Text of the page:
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Rates, Rates, and More Rates - November 27, 2018

Maximum Employment and Riskless Real

As the December FOMC looms in the distance, a number of Fed members, both voting and non-voting, have been out recently emphasizing “data dependence”. Dallas Fed’s Kaplan highlighted this concept in an interview on Fox Business, explaining, “that means we’re going to be very sensitive, to talking to contacts, looking at data, understanding what’s going on with businesses, looking global.” Yesterday, Vice Chairman Clarida gave a speech, “Data Dependence and U.S. Monetary Policy”, discussing how in practice data dependence means taking in new data and then updating estimates of “the two most important unknown parameters... the rate of unemployment consistent with maximum employment u* and the riskless real rate of interest consistent with price stability, r*”. FOMC participants keep revising their estimates of u* and r* lower as inflation, and inflation expectations, have not risen despite low unemployment and low real rates over the past few years. Clarida ended his speech by saying that this learning and revision process “supports the case for gradual policy normalization”, and we will see if Powell has anything further to add during his speech tomorrow.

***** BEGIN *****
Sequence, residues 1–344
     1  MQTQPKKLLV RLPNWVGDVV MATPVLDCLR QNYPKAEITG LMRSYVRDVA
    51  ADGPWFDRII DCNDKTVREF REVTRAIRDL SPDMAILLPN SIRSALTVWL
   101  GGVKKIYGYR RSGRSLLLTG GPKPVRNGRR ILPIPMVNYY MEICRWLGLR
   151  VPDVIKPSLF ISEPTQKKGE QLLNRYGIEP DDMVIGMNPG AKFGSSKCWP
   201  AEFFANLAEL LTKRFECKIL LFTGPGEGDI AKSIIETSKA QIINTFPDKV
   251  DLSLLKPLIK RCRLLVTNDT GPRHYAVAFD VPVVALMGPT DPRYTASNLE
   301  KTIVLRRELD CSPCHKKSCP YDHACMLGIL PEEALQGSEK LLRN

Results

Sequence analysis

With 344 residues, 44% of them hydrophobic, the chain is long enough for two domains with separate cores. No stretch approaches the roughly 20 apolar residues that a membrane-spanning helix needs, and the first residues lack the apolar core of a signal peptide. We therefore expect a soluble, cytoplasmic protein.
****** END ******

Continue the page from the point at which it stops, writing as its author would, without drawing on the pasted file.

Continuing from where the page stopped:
Unemployment and Participation

One of the explanation’s given for why inflation and wage growth haven’t picked up with low unemployment is labor market slack. As covered in a Reuters article, Minneapolis Fed President Neel Kashkari, one of the more vocal proponents of this idea, believes there “is more slack in the labor market” during his talk at the Minnesota Ag and Food Summit. However, a recent article from the San Francisco Fed disagrees with this idea. Wage growth aside, the paper constructs an adjusted estimate of the Labor Force Participation rate by considering demographics and finds that participation is at trend. “Combined with the low unemployment rate, this argues that the U.S. labor market is operating at or beyond its full potential”, the article said.

 Mortgage and Housing Price Growth

 Finally, the data out today shows that home prices are still growing year on year, but at a slower rate, and the cost of financing was again appointed as a problem. As covered in an article from Housing Wire, S&P’s David Blitzer pointed to mortgages as a contributing factor in the weaker housing markets. “Currently the national average for a 30-year fixed rate loan is 4.9%, a full percentage point higher than a year ago,” Blitzer said. And while it would seem to be a good thing that new home sizes are decreasing as builders move to entry-level construction, Robert Dietz writes that “typical new home size falls prior to, and during, a recession as home buyers tighten budgets”. But is not too gloomy as the current dynamics may just be a decrease in the proportion of high-end homebuyers and a cooling of the custom market.